NSG 6330 Week 10 Discussion
This discussion assignment provides a forum for discussing relevant topics for this week based on the course competencies covered .For this assignment, make sure you post your initial response to the Discussion Area by the due date assigned .
To support your work, use your course textbook readings and the South University Online Library .As in all assignments, cite your sources in your work and provide references for the citations in APA format .
Start reviewing and responding to the postings of your classmates as early in the week as possible .Respond to at least two of your classmates\’ initial postings .Participate in the discussion by asking a question, providing a statement of clarification, providing a point of view with a rationale, challenging an aspect of the discussion, or indicating a relationship between two or more lines of reasoning in the discussion .Cite resources in your responses to other classmates .Complete your participation for this assignment by the end of the week .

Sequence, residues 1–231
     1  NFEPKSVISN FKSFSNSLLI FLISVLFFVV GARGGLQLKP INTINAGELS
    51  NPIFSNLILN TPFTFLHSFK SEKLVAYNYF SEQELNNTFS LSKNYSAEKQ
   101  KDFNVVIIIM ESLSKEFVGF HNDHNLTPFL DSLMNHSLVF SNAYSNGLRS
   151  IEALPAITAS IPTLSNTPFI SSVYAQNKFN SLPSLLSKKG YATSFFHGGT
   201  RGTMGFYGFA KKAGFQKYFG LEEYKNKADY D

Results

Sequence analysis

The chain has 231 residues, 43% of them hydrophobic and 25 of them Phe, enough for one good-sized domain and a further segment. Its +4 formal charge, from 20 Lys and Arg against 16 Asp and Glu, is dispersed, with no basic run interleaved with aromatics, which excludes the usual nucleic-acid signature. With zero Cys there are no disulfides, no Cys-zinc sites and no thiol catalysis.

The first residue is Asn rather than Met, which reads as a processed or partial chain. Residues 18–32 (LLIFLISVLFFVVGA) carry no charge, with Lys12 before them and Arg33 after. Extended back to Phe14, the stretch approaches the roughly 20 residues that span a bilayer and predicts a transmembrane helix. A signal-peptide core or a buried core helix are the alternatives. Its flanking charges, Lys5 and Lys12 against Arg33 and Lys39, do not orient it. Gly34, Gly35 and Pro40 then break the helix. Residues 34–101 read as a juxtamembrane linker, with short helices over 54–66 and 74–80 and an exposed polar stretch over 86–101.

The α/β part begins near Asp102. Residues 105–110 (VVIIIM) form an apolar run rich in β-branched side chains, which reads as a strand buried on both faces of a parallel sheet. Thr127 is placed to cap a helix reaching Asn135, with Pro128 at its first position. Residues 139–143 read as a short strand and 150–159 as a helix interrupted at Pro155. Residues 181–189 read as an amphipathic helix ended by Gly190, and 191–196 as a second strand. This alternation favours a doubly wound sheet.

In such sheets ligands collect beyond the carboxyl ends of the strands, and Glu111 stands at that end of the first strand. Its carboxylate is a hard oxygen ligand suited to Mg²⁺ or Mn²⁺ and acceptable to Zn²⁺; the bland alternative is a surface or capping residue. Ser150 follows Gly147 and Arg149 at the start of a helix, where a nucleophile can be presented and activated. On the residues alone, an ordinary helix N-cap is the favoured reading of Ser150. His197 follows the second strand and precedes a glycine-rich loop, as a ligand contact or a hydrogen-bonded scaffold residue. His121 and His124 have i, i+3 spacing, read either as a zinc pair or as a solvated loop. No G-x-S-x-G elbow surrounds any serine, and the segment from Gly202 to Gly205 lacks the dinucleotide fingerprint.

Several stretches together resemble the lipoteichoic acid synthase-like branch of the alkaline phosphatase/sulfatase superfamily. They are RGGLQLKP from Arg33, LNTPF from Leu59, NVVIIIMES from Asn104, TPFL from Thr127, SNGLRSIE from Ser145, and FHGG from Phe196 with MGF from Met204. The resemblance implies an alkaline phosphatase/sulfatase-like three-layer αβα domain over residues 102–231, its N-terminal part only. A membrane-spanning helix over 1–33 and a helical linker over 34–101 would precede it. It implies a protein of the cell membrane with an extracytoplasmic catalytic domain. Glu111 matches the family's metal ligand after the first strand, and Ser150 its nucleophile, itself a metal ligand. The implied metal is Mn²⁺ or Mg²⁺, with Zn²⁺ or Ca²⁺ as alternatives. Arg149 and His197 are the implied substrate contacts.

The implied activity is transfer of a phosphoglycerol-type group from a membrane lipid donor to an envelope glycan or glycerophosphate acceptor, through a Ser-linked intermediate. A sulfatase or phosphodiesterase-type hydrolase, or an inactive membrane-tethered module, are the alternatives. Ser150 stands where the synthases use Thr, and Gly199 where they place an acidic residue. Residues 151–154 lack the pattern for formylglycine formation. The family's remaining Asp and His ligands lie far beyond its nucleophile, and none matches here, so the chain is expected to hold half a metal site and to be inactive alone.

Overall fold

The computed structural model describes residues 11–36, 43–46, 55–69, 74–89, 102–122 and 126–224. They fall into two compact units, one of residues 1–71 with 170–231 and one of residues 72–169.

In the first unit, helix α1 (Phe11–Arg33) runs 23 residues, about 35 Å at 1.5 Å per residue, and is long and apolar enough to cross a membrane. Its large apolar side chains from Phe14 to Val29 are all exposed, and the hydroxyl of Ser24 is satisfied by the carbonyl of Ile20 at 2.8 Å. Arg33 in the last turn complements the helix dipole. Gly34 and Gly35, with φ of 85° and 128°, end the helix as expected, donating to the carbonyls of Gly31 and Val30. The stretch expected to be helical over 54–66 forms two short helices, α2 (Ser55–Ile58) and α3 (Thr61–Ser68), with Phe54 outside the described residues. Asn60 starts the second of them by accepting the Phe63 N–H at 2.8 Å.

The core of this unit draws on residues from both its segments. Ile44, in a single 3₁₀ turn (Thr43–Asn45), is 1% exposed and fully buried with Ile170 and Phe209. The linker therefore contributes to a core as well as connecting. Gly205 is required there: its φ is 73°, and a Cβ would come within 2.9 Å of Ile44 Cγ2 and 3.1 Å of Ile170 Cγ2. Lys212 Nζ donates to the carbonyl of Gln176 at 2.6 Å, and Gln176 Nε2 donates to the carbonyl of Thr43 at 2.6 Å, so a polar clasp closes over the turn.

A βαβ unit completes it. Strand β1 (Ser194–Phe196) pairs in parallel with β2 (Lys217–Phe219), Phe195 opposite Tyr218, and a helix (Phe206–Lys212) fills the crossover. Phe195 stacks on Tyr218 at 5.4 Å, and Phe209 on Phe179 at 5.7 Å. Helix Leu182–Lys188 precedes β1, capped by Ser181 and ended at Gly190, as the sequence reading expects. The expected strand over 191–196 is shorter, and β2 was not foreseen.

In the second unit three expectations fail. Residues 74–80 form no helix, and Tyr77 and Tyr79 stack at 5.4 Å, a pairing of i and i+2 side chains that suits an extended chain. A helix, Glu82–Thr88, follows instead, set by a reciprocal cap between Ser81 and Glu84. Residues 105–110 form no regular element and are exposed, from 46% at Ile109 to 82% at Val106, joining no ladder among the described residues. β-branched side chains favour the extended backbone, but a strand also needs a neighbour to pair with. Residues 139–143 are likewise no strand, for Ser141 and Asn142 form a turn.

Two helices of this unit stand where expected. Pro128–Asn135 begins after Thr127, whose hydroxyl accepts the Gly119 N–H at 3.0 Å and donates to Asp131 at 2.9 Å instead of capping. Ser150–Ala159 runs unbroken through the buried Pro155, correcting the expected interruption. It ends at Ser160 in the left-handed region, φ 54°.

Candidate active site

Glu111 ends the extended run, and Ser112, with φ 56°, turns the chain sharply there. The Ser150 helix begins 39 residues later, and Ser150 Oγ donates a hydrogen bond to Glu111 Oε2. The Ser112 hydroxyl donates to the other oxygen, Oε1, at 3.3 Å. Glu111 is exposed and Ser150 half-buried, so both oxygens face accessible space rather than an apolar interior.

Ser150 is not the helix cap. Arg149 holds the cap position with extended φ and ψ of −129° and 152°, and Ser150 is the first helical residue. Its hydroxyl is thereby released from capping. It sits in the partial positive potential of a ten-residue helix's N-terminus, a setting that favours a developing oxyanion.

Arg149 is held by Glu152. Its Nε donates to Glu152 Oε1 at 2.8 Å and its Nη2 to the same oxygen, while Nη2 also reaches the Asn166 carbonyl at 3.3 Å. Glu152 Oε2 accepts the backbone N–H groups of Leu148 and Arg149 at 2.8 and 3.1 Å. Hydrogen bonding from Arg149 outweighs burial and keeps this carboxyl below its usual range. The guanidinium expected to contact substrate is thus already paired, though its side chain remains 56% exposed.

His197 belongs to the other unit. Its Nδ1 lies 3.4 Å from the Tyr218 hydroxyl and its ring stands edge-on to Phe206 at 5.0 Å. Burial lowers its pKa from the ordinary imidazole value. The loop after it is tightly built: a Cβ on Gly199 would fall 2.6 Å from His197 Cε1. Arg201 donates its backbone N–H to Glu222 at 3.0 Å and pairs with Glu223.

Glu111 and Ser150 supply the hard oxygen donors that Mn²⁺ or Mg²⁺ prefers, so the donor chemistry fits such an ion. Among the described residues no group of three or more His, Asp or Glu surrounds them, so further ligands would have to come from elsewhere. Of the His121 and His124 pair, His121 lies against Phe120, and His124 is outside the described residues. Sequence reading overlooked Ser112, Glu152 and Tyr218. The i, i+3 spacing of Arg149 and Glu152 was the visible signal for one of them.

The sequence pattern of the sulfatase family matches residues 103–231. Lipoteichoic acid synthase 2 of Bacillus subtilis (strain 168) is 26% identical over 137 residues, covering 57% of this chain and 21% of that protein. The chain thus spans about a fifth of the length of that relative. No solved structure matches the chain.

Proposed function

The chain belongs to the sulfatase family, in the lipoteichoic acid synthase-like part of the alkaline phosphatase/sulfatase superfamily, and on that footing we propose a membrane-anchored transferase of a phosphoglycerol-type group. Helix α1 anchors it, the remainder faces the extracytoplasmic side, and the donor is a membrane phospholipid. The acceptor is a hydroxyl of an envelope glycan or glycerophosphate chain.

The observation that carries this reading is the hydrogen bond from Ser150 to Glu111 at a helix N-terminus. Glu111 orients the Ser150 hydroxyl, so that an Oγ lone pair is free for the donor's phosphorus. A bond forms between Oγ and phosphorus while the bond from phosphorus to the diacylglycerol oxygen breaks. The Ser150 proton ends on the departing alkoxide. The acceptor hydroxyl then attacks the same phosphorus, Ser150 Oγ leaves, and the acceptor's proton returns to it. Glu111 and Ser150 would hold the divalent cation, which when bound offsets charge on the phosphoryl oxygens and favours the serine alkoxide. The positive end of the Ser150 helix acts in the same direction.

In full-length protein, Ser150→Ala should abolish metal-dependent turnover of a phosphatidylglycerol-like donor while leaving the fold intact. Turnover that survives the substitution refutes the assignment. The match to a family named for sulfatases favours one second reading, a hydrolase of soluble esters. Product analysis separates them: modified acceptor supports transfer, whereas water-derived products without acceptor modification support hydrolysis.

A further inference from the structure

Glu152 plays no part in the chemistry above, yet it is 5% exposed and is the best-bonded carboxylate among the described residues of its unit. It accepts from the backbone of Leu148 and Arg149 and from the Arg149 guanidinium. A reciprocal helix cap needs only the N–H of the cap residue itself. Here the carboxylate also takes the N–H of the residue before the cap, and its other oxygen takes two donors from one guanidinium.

For this assignment, you will review and reflect on the Prophylactic Hysterectomy article .This article can be applied to healthcare providers in the primary care and specialty settings .Discussion of the article is based on the course objectives and weekly content, which emphasize the core learning objectives for an evidence-based primary care curriculum .Throughout your nurse practitioner program, discussions are used to promote the development of clinical reasoning through the use of ongoing assessments and diagnostic skills, and to develop patient care plans that are grounded in the latest clinical guidelines and evidence-based practice .
Discuss any “take-away” thoughts from the article .
What are the ethical dilemmas to consider with prophylactic surgeries?
Discuss the screenings/interventions/options/education that you would provide to a patient that has a strong family history of ovarian cancer .What if the patient has no health insurance? What resources could you offer to assist the patient?
What Doctors Arent Always Taught: How to Spot Racism in Health Care
Betial Asmerom, a fourth-year medical student at the University of California-San Diego, didn’t have the slightest interest